or The Woman Behind the Desk is Not Your Enemy

The other day, a tweet came across my screen linking to this post about theatre economy. The thrust of the post is that we need to help playwrights be able to make a living writing plays (an important piece of a larger theatre econ conversation that needs addressing, more below). But, within the post and again in the comments (as is often the case when theatre econ posts get written) the first answer to the funding question is to “quit paying the millions to the thousands of overpaid arts admins who don’t create the work.” I’m sorry, but as one of those supposedly overpaid arts admins, I have to take umbrage.

As one commenter stated, no one working in the theatre is making their fortune from theatre. We wouldn’t be in this business if that was what we were after. And, the very few high-profile examples to the contrary, we aren’t paying ourselves ten times over before paying our artists. Theatre is a communal art. I would very much appreciate it if we can all stop excluding necessary members of the community from the side of “righteousness” just because we don’t create the art. If it weren’t for the admins, there would be no institutional theatres big enough to even consider your ideas of staff playwrights. You know you don’t want to spend 90 hours a week figuring out how to pay the bills, you wouldn’t have the brainspace to write a single word. We each need the other. So suck it up, quit pointing fingers, and let’s work on a solution together.

Now, on to the more productive part of this post. The idea of a staff playwright is an interesting one, if flawed. One commenter raised a lot of good questions which were first dismissed out of hand and then “answered” in a pat way that didn’t actually take into account the larger issues behind the questions. The fact is that most playwrights I know write about a variety of subjects, in a variety of styles, that are appropriate (or not) for a variety of theatres. Not to mention the rate of output issue that one commenter brought up. I think it would be extremely limiting to both the playwright and the theatre to have a staff playwright that had to produce something tailored to that theatre every year and the theatre had to produce something by that playwright every year. Diversification of voices is a battle-cry throughout the theatre industry. This system would be completely counter-productive to that.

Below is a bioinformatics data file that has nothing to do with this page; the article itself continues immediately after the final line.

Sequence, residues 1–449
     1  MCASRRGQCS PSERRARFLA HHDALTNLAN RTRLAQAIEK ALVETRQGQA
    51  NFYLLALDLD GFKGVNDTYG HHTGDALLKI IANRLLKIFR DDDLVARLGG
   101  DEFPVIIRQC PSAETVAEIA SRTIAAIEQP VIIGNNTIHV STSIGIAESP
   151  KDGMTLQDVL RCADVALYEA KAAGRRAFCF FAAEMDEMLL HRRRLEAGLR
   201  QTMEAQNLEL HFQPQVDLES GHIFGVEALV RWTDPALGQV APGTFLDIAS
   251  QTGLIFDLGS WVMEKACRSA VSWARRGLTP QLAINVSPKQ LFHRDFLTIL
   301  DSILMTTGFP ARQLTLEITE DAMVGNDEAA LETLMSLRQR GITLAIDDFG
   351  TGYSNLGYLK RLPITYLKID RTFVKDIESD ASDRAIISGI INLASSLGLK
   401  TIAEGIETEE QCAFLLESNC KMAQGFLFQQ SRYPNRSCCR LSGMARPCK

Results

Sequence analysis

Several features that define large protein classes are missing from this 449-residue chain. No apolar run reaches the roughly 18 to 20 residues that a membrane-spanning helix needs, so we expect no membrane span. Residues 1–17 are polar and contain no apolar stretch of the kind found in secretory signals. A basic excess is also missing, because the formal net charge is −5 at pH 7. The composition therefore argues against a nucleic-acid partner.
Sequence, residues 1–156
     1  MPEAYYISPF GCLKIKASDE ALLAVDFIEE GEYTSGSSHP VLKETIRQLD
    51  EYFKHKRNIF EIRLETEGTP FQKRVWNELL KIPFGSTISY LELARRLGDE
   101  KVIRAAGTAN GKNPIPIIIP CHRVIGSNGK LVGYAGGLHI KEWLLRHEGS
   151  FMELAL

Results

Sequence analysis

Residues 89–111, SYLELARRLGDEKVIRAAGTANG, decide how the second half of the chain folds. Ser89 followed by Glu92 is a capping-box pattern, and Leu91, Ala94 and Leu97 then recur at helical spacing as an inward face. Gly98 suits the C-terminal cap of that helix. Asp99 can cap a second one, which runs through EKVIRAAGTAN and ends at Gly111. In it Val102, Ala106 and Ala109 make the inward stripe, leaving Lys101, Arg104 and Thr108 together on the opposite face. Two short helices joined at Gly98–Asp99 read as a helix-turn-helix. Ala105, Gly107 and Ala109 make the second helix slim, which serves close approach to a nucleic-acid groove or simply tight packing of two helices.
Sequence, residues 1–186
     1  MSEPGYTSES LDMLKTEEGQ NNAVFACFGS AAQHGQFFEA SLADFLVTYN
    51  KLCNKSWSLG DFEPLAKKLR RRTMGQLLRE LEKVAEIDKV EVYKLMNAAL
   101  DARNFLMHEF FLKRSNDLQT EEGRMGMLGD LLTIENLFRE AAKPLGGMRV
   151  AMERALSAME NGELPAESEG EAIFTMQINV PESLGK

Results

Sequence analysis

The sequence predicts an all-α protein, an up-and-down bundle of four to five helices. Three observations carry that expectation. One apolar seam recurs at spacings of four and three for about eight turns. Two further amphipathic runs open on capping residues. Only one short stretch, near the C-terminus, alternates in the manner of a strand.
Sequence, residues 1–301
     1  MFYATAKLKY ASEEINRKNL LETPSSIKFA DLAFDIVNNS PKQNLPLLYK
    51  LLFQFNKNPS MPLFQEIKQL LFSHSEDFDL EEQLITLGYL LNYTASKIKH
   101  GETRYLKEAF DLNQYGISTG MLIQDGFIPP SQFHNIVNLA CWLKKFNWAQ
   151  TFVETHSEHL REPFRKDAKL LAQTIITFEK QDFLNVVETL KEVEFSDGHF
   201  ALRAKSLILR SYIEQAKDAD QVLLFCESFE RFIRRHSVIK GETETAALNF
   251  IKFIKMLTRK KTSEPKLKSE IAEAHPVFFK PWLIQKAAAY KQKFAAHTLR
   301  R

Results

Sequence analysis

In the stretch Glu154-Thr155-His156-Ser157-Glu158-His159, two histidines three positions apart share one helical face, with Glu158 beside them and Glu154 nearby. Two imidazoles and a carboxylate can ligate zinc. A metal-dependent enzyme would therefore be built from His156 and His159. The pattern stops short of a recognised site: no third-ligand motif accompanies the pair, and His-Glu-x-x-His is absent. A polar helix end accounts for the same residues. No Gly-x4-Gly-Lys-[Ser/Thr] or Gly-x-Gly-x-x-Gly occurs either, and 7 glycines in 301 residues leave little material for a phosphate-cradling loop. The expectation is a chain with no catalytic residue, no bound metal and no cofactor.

However, there are lots of other models that could be considered. What if a consortium of theatres hire between them a team of playwrights? Or perhaps a fund is set up by all the theatres that produce new work and that fund is used to pay a growing cadre of playwrights a “living wage” (a term that needs more room than this post to work out) and allows said cadre to apply for (and afford) group health insurance for themselves and their families? The options are actually limited only by our imaginations. The same goes for other vital theatre folks like directors, dramaturgs, and designers who also have a devil of a time “making a living” in the theatre.

There are ways to make this better and this is a conversation that needs to happen. Please just remember, those of us with business brains (whether or not we are artists as well) are of much more use on your side than seen as an enemy. Together we may even get to a place where we can quit saying “the model is broken and there is no way to fix it.”

  • June 9, 2011
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